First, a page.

Nell Stillman, a minor character in other novels by Sullivan, gets to shine here. This is Nell’s life story, from early married life to old age, all set in the small town of Harvester, Minnesota. After her husband dies suddenly, leaving her with young son Hillyard, Nell is relieved to be offered a job as third-grade teacher. However, teachers in the late 19th century and early 20th century were held to very high standards. Small town gossip can be harsh, and often anonymous. Nell brings a young cousin, Elvira, to live with Nell and Hilly in their apartment over Rabel’s Meat Market. A few years later, she leaves town in disgrace, and Nell is blamed. Nell’s main comfort in life, besides her loyal friends, is reading and re-reading the light, humorous novels of P.G. Wodehouse. My only complaint about this absorbing, character driven novel is that a book about the value of light humorous fiction shouldn’t be quite so serious and often melancholy in tone. I enjoyed reading about the changes in Harvester and in Nell’s apartment over the years including the building of a library, but two world wars and the depression do not make for light reading, especially as Hilly comes home from war shell-shocked. Nell does find love later in life, but a book that covers many decades inevitably includes several deaths. To cheer up I might read one of P.G. Wodehouse’s books (our library owns thirty, and they are quite funny, if now somewhat dated), but I plan to read more of Sullivan’s work, starting with The Cape Ann.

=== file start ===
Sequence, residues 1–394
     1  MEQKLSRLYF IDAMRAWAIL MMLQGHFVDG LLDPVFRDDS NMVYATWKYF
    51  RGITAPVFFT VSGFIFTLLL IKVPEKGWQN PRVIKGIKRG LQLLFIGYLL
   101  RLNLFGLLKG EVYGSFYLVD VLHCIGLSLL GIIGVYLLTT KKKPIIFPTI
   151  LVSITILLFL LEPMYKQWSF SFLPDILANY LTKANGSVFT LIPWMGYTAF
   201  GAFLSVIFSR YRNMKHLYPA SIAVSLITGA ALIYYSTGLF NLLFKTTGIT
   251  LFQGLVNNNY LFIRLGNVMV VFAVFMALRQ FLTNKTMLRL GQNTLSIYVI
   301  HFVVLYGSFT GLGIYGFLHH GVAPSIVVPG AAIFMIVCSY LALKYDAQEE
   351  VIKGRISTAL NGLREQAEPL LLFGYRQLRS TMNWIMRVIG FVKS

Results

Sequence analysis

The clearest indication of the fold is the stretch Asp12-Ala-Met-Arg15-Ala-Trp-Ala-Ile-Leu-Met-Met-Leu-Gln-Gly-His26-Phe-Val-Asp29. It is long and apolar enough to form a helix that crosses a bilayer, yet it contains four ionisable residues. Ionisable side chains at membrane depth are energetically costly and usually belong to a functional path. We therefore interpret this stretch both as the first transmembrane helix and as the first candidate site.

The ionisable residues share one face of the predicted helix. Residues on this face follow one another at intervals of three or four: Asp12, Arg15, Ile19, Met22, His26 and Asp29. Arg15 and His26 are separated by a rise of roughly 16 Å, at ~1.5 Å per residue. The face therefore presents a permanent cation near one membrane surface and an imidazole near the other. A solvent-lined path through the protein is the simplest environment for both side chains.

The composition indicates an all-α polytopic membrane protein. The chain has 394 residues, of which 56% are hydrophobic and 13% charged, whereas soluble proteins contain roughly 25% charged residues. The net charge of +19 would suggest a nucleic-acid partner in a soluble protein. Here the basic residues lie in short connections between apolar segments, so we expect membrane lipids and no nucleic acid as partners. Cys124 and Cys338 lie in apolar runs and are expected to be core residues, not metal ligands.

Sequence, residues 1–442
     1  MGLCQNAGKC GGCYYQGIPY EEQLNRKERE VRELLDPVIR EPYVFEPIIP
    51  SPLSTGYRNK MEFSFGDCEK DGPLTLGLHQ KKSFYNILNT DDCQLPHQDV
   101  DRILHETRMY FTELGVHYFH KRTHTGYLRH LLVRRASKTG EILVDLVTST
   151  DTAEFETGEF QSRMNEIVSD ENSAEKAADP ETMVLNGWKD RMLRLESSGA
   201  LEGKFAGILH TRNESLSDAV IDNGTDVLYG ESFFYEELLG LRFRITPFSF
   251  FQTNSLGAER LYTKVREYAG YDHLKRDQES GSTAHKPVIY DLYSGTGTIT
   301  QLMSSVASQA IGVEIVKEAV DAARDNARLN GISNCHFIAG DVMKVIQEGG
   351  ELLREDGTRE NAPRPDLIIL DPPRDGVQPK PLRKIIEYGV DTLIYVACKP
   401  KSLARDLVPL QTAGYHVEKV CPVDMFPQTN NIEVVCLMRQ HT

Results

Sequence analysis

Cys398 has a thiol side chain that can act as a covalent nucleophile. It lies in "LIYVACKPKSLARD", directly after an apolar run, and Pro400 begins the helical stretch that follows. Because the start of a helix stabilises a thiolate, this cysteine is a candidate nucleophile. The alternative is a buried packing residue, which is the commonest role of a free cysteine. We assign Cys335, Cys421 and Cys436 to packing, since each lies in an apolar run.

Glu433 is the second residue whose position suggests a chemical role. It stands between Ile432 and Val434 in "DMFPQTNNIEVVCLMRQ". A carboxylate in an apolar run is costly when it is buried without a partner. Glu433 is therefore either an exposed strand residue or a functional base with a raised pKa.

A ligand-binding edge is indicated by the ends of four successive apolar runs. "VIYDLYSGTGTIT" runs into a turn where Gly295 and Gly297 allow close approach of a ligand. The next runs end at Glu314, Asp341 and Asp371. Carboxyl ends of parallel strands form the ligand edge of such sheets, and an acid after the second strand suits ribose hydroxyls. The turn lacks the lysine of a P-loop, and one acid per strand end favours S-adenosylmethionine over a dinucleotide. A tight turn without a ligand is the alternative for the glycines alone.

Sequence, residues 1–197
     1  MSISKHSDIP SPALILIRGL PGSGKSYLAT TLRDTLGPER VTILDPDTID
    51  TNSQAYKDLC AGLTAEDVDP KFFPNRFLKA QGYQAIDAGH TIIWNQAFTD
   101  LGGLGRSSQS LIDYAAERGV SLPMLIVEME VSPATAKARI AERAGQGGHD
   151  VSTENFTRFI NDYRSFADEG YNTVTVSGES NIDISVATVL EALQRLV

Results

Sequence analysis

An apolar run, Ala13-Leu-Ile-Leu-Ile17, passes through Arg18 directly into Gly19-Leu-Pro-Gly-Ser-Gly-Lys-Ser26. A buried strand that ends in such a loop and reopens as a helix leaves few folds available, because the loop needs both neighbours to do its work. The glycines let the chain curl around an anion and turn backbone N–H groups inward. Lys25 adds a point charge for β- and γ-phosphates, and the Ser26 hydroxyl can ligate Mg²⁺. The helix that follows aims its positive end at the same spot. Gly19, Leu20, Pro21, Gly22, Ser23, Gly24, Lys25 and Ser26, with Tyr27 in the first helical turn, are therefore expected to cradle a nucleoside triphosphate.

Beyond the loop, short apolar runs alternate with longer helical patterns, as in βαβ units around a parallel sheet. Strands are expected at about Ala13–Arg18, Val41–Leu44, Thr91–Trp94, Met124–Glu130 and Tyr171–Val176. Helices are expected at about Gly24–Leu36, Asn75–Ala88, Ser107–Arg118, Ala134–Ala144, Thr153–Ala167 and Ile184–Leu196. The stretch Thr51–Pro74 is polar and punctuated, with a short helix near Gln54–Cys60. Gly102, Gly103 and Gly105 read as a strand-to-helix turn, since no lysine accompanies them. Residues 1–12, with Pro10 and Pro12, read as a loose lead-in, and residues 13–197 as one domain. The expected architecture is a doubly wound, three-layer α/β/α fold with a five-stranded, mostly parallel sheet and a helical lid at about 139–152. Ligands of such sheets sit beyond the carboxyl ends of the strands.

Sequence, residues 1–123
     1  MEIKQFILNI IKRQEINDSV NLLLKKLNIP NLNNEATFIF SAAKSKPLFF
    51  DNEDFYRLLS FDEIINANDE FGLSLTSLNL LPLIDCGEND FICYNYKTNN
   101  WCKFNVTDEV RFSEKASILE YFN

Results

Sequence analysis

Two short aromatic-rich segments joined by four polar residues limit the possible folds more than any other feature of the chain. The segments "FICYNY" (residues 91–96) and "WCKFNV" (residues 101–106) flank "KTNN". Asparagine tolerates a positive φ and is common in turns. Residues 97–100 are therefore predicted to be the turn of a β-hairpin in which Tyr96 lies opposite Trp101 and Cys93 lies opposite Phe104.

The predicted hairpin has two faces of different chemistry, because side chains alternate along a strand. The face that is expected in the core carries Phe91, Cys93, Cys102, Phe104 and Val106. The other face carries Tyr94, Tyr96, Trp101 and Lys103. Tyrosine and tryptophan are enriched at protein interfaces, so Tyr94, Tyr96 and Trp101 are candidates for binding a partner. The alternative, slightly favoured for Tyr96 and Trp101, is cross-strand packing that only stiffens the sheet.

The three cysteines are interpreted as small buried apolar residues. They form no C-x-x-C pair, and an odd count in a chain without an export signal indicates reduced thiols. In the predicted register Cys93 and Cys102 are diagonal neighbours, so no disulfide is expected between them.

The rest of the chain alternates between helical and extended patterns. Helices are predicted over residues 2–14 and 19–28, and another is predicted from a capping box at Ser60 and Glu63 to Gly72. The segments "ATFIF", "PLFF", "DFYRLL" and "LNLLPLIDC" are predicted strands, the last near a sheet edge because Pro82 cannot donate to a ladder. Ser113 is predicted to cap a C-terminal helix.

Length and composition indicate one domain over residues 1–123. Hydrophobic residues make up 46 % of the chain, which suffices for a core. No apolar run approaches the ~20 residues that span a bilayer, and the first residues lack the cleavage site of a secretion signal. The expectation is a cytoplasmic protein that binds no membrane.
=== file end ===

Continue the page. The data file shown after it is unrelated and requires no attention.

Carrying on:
Historical fiction readers may enjoy this two-volume novel that won the Hugo, Nebula, and Locus awards. I read it five years ago, and enjoyed rereading it almost as much. Three time-traveling historians visit Great Britain during World War II from Oxford in the 2060s. Eileen is in a country house, observing children evacuated from London during the Blitz, and has her hands full with anxious Theodore and mischievous siblings Alf and Binnie Hodbin. A measles epidemic keeps her from returning to Oxford as scheduled. In London, Polly is assigned to observe Londoners during daily life and in shelters during air raids by finding a job at a department store. When she tries to report back to Oxford, nothing happens. Mike Davies, with an American accent, is supposed to be a reporter in Dover covering the evacuation of soldiers from Dunkirk. He arrives in a small town down the coast and has great difficulty getting to Dover. Unexpectedly, Mike gets caught up in the action and helps save the life of a soldier who goes on to rescue hundreds more. He also suffers an injury that would be easily treated in his own time. Eileen and Mike make their way to London to find Polly, and the trio is concerned that their actions might have affected the war’s outcome or that something has happened in future Oxford to prevent their returning home. Two other historians are working hard to retrieve them, with unexpected consequences. The pacing is fast and the tension level is high, but there are plenty of lighter moments. The real highlight of this novel is the spotlight on daily life on the home front in Great Britain during World War II. Long, but definitely worthwhile, with characters I really cared about.